Sturgess also writes in detail about the attempts to buy the Shakespeare Birthplace for America, and about the foundation and building of the Folger Shakespeare Library in Washington, DC, in 1932. The original plan was to build such a library in Stratford-upon-Avon, but Henry Clay Folger, an American oil-magnate, changed his mind at the last minute and purchased the most premier plot of land in the country and built it there. By doing so, he made Shakespeare not just more firmly embedded in, and celebrated by, the American nation, but he also made him physically connected to the centers of American power: The Folger Shakespeare Library was built on Capitol Hill, between the U.S. Congress, the Supreme Court, and the Library of Congress.
The establishment of theater festivals and the advent of the American Shakespeare-driven tourist industry in Stratford-upon-Avon, which started almost immediately after the attempt to buy the Birthplace for the United States, failed, and further extended American closeness to Shakespeare. Thus, it fell upon America to rekindle British cultural patriotism and get the Stratford-upon-Avon tourist industry going. The cultural and financial capital that the Shakespeare industry generates is enormous because, as Sturgess suggests, Stratford-upon-Avon remains one place (in Britain) that Americans do not feel alien. In various degrees and forms, many visiting Americans to the town of Shakespeare's birth have voiced this view. So the link with the mother empire symbolically continues.
Speaking of the American contribution to the salvaging of Shakespeare in and out of the United States, Sturgess (surprisingly?) fails to document the history of The Swan Theater in Stratford-upon-Avon. That theater, now considered to be one of the most exciting acting spaces in Britain, was also built (on the ruins of a building destroyed by fire) entirely by American money given by an anonymous benefactor. The splendid stage of The Swan Theater remains one British theater that Americans return to as if coming to a cultural institution, not just to see a play.
The Swan Theater's fame has not been eclipsed by yet another world-famous theater, also built through the enormous effort of yet another American: The Globe on the Bankside in London, brought to fruition by Chicago-born Sam Wannamaker. But Sturgess neglects to make the connection between yet another American who left his imprint in the long history of American Shakespeare. It may be that Sturgess does not consider American contributions to the building of the nation outside America--as in the cases of The Swan and Globe theaters--as, in fact, relevant to the topic. But in the global context of increasingly loose boundaries, such national enterprises elsewhere are made to matter as much to the nation as monuments already on its soil.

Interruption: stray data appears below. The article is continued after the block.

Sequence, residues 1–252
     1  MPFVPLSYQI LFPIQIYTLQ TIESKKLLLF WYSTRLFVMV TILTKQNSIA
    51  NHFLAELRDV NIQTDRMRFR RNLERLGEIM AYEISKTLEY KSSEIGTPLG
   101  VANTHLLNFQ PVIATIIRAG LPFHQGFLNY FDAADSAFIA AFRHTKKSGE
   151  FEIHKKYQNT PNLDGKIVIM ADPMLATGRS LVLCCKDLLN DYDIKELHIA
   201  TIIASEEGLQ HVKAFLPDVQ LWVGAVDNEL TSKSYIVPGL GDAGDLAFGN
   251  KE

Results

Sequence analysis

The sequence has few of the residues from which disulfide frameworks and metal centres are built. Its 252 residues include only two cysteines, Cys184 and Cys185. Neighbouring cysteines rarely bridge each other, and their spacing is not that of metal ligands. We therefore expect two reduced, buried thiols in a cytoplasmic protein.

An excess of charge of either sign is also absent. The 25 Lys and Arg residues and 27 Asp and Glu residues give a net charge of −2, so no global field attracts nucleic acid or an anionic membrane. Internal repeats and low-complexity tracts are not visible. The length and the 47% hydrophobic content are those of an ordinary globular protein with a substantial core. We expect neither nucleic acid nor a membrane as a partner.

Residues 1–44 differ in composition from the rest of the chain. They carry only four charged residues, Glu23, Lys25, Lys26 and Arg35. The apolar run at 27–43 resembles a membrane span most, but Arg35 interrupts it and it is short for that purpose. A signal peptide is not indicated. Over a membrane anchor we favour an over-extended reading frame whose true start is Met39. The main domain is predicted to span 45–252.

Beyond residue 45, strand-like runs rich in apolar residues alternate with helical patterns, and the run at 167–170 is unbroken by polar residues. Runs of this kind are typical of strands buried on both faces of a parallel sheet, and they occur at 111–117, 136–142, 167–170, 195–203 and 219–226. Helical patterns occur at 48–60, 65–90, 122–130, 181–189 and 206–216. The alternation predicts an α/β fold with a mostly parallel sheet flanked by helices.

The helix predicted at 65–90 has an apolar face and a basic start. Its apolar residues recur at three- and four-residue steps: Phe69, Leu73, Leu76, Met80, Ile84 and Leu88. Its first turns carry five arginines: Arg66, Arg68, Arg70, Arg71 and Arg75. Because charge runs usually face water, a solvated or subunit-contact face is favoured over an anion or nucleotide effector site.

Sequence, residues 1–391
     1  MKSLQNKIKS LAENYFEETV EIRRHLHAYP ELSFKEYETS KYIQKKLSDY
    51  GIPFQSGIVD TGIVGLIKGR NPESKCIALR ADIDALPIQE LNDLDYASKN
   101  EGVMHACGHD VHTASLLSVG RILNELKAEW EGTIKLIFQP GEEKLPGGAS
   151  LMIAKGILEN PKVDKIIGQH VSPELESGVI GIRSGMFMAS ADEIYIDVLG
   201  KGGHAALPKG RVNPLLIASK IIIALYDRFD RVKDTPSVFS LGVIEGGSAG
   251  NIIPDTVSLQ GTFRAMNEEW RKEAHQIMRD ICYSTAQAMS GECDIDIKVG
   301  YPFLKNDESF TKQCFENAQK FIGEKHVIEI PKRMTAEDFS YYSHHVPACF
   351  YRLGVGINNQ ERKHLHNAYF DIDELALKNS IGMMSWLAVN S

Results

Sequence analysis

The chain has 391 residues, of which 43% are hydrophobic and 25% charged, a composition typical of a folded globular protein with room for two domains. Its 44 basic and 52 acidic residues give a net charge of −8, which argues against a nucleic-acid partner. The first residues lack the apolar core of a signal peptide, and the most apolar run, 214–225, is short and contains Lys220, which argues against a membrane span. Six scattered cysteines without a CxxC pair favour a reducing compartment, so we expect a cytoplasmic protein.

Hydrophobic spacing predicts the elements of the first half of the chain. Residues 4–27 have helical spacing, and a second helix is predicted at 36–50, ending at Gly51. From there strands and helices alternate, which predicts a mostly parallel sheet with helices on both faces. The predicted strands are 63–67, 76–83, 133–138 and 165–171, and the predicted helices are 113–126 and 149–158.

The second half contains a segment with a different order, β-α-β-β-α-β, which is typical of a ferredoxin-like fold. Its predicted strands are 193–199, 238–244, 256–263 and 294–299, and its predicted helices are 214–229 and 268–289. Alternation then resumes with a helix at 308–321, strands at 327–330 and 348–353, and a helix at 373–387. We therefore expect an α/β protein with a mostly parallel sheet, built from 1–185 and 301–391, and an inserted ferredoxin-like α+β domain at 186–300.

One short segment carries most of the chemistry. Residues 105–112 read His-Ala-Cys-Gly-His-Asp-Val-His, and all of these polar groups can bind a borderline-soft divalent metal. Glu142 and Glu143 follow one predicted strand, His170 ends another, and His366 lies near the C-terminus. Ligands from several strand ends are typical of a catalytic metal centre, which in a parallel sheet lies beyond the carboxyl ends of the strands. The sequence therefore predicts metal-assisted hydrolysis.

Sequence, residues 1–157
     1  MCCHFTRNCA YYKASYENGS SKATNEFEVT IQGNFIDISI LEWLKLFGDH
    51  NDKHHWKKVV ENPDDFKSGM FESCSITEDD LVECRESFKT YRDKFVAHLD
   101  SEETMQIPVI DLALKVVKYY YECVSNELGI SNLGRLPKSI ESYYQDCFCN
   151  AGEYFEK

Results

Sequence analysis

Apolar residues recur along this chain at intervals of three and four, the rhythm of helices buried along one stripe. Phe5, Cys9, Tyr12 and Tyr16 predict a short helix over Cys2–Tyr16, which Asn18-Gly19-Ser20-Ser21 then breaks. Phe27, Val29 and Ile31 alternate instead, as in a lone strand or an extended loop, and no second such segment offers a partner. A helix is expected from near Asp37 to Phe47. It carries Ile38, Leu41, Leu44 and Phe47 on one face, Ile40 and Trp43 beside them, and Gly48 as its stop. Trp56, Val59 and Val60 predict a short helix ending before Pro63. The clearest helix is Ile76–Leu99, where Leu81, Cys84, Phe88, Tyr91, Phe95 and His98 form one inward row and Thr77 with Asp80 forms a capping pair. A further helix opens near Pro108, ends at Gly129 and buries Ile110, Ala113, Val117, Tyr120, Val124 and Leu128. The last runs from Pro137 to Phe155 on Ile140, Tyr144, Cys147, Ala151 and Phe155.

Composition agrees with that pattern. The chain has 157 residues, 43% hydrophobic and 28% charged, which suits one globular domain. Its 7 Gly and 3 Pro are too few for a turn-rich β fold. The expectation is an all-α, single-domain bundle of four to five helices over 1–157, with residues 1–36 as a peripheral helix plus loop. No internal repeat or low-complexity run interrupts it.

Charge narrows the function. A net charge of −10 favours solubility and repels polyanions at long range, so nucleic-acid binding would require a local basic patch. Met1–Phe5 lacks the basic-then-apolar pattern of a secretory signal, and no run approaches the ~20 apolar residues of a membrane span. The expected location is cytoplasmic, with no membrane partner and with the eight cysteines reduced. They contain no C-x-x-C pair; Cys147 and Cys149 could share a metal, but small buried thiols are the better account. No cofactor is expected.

When Sturgess's book reaches the twentieth century, the author seems to have exhausted material to speak about engagingly and in detail. Yet, Shakespeare remains as crucial to the American nation-building in the twentieth century as he was in earlier times. In Sturgess's book, however, there is hardly any room left for a developed analysis and further evidence of Shakespeare's popularity after the nineteenth century. Instead, the narrative is sweeping, crammed with select facts, and full of gaps. The absence of a more developed analysis of twentieth-century uses of Shakespeare is a major gap in this otherwise splendid book. For example, a chapter on how American Shakespeare scholarship has claimed dominance in the Shakespeare scholarly industry would have completed a picture of the American cultural assimilation of Shakespeare.
That industry's ambitions are particularly driven by the prominence of The Folger Shakespeare Library in the making of a North American academic production on Shakespeare. The Folger Library based journal, Shakespeare Quarterly, for example, is one of the two leading journals in the field, and the American's generation of knowledge on Shakespeare leads in volume and claims to do so in quality, too, over other nations. In a curious way, nowadays, to posses archival materials related to Shakespeare, organize major conferences on his work, publish on Shakespeare, or produce popular films based on his plays, means leading the global economy of knowledge and continuing the cultural imprint Shakespeare has had on the national consciousness and culture of America. The chapter on film in Sturgess's book is more like a coda, and more of an index of titles, than an analytical piece. It is an apt afterword to a history of appropriation of a figure that, as the dust jacket boldly asserts, "had become as American as George Washington."
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Goran Stanivukovic. Review of Sturgess, Kim C., Shakespeare and the American Nation.